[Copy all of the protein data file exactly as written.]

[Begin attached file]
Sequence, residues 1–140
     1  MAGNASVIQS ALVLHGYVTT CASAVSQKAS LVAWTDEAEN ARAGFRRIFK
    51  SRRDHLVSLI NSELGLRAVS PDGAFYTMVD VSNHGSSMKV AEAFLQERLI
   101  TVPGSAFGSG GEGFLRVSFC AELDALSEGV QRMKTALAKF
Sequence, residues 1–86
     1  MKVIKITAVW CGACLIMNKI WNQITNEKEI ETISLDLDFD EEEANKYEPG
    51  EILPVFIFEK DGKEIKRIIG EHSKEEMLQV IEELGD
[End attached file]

Sequence, residues 1–140
     1  MAGNASVIQS ALVLHGYVTT CASAVSQKAS LVAWTDEAEN ARAGFRRIFK
    51  SRRDHLVSLI NSELGLRAVS PDGAFYTMVD VSNHGSSMKV AEAFLQERLI
   101  TVPGSAFGSG GEGFLRVSFC AELDALSEGV QRMKTALAKF
Sequence, residues 1–86
     1  MKVIKITAVW CGACLIMNKI WNQITNEKEI ETISLDLDFD EEEANKYEPG
    51  EILPVFIFEK DGKEIKRIIG EHSKEEMLQV IEELGD